March 19, 2015 |
Democratic mayoral candidate Nelson A. Diaz is staking his campaign on city schools. Abolish the School Reform Commission, Diaz says. Establish a local school board and universal prekindergarten. Connect needy students with social services. "I want to be responsible for the school system," Diaz said in an interview Tuesday with the Inquirer Editorial Board. Diaz fleshed out his ideas with a new education policy paper that described a plan for raising an additional $215 million for the Philadelphia School District short-term, and up to $500 million long term.
February 28, 2015
ISSUE | PENSIONS Clarke had a plan Farah Jimenez and Phil Goldsmith criticized City Council for failing to address the city's more than $5 billion unfunded pension liability but missed a strong effort by Council President Darrell L. Clarke to do just that ("The pension problem," Feb. 22). No one was a more aggressive advocate than Clarke for an effective option developed by a working group convened by Temple University's Center on Regional Politics. That option, one of many identified in a report titled "What to Do About Public Pensions: Options for Funding and Reform" (temple.edu/corp)
February 12, 2015 |
Sometime as early as April, Philadelphia's beleaguered pension fund will begin sending out $62 million in bonus checks to retirees. It will do so despite being woefully underfunded - it has less than 48 percent of its $10 billion in obligations - and sucking up an ever-growing portion of the city's overall revenue. It is required to make the payments as a result of legislation championed eight years ago by then-City Councilman James F. Kenney, who is seeking the Democratic nomination for mayor in the May primary.
January 22, 2015 |
Philadelphia's severely underfunded municipal pension fund is "an obstacle" to the city's long-term economic growth, a special report from the city's fiscal oversight board warns. "Philadelphia cannot continue to grow and prosper unless its public sector costs are affordable to its taxpayers, and unless these costs are predictable," the report from the Pennsylvania Intergovernmental Cooperation Authority (PICA) states. PICA's 62-page report follows a state auditor general's report on municipal pension funds that also pointed out the high risk that Philadelphia's pension fund faces.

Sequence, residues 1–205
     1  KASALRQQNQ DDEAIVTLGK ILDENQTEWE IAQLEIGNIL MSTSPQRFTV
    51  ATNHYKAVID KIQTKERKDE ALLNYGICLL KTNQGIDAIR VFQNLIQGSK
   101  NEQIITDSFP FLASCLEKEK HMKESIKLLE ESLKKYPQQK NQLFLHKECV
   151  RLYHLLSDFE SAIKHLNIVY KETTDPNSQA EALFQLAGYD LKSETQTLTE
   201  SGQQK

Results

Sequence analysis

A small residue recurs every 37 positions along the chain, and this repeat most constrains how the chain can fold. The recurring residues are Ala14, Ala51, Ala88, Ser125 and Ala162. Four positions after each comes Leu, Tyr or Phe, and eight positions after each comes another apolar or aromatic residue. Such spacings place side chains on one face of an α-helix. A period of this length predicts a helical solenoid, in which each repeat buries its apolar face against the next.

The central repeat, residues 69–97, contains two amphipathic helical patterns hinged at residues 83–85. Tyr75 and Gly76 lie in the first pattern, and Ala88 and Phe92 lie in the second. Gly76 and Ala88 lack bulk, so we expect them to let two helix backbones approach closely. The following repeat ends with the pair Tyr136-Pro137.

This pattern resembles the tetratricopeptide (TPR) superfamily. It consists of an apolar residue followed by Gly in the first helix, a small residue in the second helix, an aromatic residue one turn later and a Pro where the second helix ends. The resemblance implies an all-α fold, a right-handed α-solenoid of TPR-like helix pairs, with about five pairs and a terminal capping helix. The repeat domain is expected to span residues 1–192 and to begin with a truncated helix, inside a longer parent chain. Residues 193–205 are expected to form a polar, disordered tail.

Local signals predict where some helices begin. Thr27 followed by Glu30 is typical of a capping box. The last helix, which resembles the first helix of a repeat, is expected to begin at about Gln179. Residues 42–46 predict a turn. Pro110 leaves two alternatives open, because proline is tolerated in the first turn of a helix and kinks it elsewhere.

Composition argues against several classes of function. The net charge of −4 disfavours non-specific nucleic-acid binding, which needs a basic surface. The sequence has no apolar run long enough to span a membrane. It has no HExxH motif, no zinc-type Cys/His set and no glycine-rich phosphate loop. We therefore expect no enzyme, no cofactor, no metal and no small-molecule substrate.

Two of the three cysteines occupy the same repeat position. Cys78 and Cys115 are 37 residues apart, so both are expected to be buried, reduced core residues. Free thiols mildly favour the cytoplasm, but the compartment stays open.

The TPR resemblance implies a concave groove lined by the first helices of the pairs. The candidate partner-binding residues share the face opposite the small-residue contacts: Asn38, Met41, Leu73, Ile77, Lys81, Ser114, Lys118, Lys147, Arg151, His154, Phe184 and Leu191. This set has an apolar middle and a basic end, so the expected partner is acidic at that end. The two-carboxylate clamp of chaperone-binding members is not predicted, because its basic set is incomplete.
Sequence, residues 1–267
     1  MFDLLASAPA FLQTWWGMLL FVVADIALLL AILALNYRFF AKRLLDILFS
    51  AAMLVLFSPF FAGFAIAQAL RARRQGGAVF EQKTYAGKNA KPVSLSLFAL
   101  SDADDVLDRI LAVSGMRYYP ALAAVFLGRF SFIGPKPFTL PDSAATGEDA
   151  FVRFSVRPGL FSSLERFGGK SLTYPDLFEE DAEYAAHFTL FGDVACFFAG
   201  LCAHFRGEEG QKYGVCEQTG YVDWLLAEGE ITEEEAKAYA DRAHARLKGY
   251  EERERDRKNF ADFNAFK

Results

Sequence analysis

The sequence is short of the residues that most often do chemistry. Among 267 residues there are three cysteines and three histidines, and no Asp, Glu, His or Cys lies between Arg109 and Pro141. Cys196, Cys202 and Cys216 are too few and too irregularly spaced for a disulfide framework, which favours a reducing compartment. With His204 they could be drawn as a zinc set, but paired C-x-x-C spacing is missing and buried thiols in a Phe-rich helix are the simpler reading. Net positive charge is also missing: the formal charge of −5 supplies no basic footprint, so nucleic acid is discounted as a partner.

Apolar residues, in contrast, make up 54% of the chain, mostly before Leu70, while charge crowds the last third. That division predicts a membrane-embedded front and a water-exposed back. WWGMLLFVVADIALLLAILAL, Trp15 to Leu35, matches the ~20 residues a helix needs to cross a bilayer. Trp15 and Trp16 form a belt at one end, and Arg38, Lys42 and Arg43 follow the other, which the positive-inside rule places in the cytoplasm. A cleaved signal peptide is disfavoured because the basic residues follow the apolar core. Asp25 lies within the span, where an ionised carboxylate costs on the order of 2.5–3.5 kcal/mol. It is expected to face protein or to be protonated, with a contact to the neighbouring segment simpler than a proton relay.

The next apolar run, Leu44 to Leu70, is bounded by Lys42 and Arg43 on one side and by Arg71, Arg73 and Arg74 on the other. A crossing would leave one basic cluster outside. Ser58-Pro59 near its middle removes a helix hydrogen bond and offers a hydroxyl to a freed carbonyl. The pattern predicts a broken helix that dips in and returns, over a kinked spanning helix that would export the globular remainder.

January 5, 2015 |
By Michael Carroll I confess that I am a little envious of the peculiar and controversial public employee retirement program known as DROP, for Deferred Retirement Option Plan. I like the image, the sound of it, and the opening it provides for imagination. I would also like the money. Few inside Philadelphia government understand DROP completely, and even fewer outside have a clue. As I understand it, city employees declare their intention to retire in a few years, which is supposed to give the city time to plan for their departure.
December 1, 2014 |
There are a couple of reasons the pension funds that pay retired teachers, police, elected officials, and other public servants have become more expensive for taxpayers - eating up $1 of every $6 in Philadelphia's city budget, for example. It's easy to blame the exotic, sometimes politically connected, investments in unprofitable projects and secretive far-off funds that the pensions' trustees - many of them political appointments - have too often approved. But it's probably more costly that politicians years ago fattened pension benefits but didn't set aside enough money to pay for them along the way. And they still don't.
November 1, 2014 |
It would have been just a drop in the bucket - a $418 million drop in a $5 billion bucket. But now that the proposed deal to sell the Philadelphia Gas Works has been effectively killed by City Council, officials and experts warn, the looming hole in the pension fund for the city's 65,000 employees and retirees will just keep getting deeper. That's because the Nutter administration had planned to pour $418 million of the proceeds from the sale into the pension fund, which is now underfunded by $5 billion.
October 28, 2014 |
No one wants a strike. "I often have no choice in the matter," said Willie Brown, 51, president of Transport Workers Local 234, the union representing SEPTA's bus drivers, subway operators, and trolley drivers. "I don't think it's a matter of if we strike," he said. "It's simply a matter of when, unfortunately. " On Sunday, union members moved a step closer to a strike, voting to allow Brown to call workers off the job - any time, and without warning. Question: You go on strike to gain benefits for workers, but do you worry that the people you are hurting most are the everyday working people who rely on transit to get to their jobs?
October 28, 2014 |
SEPTA bus drivers, subway and trolley operators, and other transit workers voted unanimously Sunday to authorize a strike, which could take effect this year or early in 2015. The voting took place in a huge Columbus Boulevard meeting hall packed with hundreds of SEPTA union members. "There wasn't a nay in the room," said Willie Brown, president of Transport Workers Union Local 234. "Members don't want to strike, but they are willing to fight for what we need. " Among the sticking points, he said, is a disagreement between the union and management about the size of pension fund contributions.